DADAAB, KENYA —
When Bilado Hassan came to the Kenyan town of Dadaab in 1992, the future home of Africa’s largest refugee camp was nothing more than an open expanse of dry, dusty land spotted with a few low-lying scrubby bushes.
“We were brought here, a place with just open land, no trees, no houses and so much wind,” she says.
Hassan fled her home in Mogadishu at the start of Somalia's civil war, which would rumble along for more than 20 years to the present day.
“At first I was hopeful that I would go back home, but after about a year or two, the fighting got worse,” she says. “I accepted that I would live here.”
Her 21-year-old daughter, Safia, was born in the camps, married another refugee and now has two children of her own. One family, three generations of refugees.
While her mother remembers a better life in Mogadishu, Safia does not.
“I’m happy to be born here,” she says. “This is the place where I am from and I’ve had my own family. I’ve never been anywhere else.”
They are among the 350,000 refugees, mostly from Somalia, living at the Dadaab camps in northeastern Kenya whose lives may soon by uprooted by a government directive to close down the camps and repatriate refugees to Somalia.
A Post-Garissa World
Kenya has repeatedly tried to reduce the refugee population in the country because of security concerns. But the final straw was the April 2 terrorist attack on Garissa University College, when gunmen from the Somalia-based militant group al-Shabab slaughtered 148 people, most of them students, in a merciless assault on the campus.
Kenya blamed the attack on homegrown terrorists and pointed fingers at the Somali refugee population at Dadaab, located exactly halfway between between Garissa and the Somali border.
On April 11, Kenyan Deputy President William Ruto announced the government had asked the United Nations to close down the camps within three months.
“The way America changed after 9/11 is the way Kenya will change after Garissa,” he said.
Refugees have reacted to the move with a combination of fear and resignation.
“The country is kind of sliding backwards,” says Ibrahim Hussein, a refugee seeking voluntary repatriation. “Each time there’s an attack, they say, "It’s the refugees and they have to be taken back.'"
Top officials from the United Nations refugee agency, UNHCR, are meeting with the Kenyan government to discuss efforts to relocate the camps while warning of the humanitarian consequences of the move.
An enormous aid operation supports life in Dadaab. The Red Cross, the International Rescue Committee and Doctors Without Borders run hospitals and clinics within the camps. The UNHCR supports the local police force, while 76,000 households receive food rations from the U.N. World Food Program.
About 90,000 students are enrolled in 35 primary schools and nearly 100,000 children have been born in the camps since they first opened.
But the complex is not just a feeding center with free foreign handouts; it is more like a small town, an economy integrated and inseparable from the local community.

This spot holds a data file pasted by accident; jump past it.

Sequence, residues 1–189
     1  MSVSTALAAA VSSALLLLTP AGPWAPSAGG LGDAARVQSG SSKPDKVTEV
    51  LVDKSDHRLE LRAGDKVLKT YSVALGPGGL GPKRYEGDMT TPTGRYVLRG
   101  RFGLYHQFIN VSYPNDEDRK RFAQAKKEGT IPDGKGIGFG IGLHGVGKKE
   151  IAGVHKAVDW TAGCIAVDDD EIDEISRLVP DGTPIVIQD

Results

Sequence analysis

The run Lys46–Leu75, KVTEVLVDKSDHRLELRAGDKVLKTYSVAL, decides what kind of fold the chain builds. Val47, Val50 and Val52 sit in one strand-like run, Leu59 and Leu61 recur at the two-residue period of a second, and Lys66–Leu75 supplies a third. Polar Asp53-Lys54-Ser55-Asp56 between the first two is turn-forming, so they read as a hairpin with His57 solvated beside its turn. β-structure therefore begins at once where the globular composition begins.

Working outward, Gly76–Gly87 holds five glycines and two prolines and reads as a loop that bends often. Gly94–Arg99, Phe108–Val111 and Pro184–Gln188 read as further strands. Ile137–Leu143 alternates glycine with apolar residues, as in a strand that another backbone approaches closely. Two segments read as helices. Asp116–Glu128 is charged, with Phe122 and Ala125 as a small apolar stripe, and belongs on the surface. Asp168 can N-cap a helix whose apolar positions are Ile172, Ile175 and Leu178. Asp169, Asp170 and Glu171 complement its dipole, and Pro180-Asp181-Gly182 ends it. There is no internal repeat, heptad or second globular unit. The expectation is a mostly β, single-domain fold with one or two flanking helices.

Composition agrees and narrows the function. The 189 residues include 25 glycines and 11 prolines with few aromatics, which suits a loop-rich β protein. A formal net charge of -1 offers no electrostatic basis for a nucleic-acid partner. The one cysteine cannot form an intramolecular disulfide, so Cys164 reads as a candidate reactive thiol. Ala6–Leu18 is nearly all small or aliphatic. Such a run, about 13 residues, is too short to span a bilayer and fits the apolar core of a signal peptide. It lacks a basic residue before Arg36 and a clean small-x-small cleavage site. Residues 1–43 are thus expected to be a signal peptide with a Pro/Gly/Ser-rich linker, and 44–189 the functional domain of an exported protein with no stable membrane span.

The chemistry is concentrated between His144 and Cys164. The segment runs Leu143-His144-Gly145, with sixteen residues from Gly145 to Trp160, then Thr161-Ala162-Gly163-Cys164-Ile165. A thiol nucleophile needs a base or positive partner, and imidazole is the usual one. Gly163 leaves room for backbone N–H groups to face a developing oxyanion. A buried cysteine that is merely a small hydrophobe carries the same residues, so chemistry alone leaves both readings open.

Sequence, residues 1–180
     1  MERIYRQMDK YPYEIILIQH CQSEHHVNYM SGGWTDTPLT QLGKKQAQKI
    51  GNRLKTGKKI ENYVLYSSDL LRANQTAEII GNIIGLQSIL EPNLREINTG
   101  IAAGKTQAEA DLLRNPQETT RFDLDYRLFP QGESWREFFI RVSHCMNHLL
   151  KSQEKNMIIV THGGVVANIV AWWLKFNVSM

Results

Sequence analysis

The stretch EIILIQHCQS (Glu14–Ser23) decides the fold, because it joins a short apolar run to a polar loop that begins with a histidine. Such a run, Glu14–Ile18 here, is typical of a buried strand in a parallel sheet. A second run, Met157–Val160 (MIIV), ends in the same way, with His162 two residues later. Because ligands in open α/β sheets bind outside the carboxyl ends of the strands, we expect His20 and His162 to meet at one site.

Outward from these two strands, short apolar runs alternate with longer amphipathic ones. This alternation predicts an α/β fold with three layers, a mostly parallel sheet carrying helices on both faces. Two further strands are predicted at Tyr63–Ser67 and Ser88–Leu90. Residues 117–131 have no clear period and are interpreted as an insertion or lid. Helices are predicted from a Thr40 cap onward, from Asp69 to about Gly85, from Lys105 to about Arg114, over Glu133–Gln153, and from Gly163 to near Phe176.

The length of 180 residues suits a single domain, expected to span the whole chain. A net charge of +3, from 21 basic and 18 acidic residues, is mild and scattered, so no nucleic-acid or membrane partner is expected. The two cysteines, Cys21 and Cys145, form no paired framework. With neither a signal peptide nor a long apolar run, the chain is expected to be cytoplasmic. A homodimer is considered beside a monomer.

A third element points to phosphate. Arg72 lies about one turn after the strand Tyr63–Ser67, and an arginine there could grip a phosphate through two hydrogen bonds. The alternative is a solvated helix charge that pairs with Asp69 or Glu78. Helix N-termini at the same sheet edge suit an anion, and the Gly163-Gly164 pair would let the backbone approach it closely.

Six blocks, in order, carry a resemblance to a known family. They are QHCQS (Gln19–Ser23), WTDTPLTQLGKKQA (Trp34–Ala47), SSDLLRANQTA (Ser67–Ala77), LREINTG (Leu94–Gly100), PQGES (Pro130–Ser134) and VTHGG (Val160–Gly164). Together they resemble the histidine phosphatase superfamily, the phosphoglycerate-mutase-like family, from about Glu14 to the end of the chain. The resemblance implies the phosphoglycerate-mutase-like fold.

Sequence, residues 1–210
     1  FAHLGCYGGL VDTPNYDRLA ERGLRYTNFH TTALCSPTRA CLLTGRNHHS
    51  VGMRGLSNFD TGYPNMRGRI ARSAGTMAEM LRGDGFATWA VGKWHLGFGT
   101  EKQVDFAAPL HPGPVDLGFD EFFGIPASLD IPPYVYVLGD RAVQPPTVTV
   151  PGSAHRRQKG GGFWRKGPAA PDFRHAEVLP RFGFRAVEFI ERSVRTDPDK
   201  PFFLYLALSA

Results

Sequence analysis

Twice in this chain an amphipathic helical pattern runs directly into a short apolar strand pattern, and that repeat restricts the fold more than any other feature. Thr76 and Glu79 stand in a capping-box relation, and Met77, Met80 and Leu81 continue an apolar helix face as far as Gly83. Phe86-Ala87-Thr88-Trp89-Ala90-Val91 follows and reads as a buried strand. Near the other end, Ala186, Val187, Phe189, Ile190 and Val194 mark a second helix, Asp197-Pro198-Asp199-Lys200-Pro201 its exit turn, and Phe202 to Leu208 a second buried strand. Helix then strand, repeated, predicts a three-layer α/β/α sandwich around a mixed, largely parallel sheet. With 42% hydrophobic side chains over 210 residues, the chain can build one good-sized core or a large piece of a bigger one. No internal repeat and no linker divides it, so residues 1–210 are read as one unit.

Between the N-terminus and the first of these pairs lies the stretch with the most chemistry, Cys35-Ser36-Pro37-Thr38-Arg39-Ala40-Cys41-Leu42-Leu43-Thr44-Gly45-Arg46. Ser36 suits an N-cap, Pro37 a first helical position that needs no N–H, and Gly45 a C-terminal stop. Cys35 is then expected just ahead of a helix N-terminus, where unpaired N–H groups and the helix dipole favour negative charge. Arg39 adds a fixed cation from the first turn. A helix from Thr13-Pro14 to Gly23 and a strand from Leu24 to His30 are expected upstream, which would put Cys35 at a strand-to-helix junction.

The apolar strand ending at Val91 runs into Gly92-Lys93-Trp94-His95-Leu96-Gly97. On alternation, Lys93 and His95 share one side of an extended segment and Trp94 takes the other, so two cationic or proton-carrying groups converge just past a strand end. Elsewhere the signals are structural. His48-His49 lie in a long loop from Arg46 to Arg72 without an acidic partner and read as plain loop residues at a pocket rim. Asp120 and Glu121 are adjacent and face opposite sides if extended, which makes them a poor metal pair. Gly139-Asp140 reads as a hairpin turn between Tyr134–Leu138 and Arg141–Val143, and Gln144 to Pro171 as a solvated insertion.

There are refugee-owned restaurants, butcheries, clothing stores, banks and phone shops all within the boundaries of the camp. Closing it down would uproot the livelihoods of its residents and undermine the local economy, not just for refugees, but for the host community as well.
Kill or Be Killed
The Kenya government has one thing right: insecurity is a serious problem in the camps. In 2011, two Spanish aid workers were kidnapped from the site and held in Somalia for more than two-and-a half years. A U.N. security official said there have been at least 20 IED attacks in the past three years, mostly targeting police.
But whether these are the acts of al-Shabab or other militant groups is difficult to verify.
While Kenya has blamed recent violence on al-Shabab cells located in Dadaab, there is little direct evidence of the group’s activities there.
But residents of Dadaab are afraid that more youths could end up joining armed groups if they are forced to relocate to Somalia, where there are fewer opportunities for education and where the government still fails to provide basic services in areas recently “liberated” from al-Shabab.
“Most of these youths will be taken to a country they don’t know and they will either be killed or kill someone,” says Mohammed Yusuf an 80-year-old elder at Ifo camp.
Using a Somali idiom, he says the United Nations and Kenya will be wasting all their efforts to educate and protect refugees if they are sent to Somalia, like “taking a happy animal away from its pasture.”
Should I Stay or Should I Go?
UNHCR runs a voluntary repatriation program to support refugees who want to go back to Somalia. The agency provides cash assistance to those who want to go back to Baidoa, Luuq and Kismayo - three areas deemed safe enough for people to return.
Those who want to settle elsewhere in Somalia are welcome to go, but will not receive any U.N. money.
From December to March, only about 2,000 refugees took part in the voluntary return program. A UNHCR repatriation assistant said he has seen the numbers increase since Deputy President Ruto issued the order to close the camps.
Despite the incentives, the decision to stay in limbo or to venture back to unstable and unfamiliar territory is a tough call for many refugees who feel neither Kenyan nor completely Somali.
Hassan Ahmed Mohamed, raised in Dadaab’s Ifo camp, simply refers to himself as an “Iforian.”
Abandoned by his family as a boy in Somalia, he has no life waiting for him if he is forced back and is now torn between the country of his birth and the country of his upbringing.
“I’m a Somali by blood, by color, by nationality, by language,” he says. “But my heart says Kenya just because I only know Kenya.”
VOA's Mohammed Yusuf contributed to this report.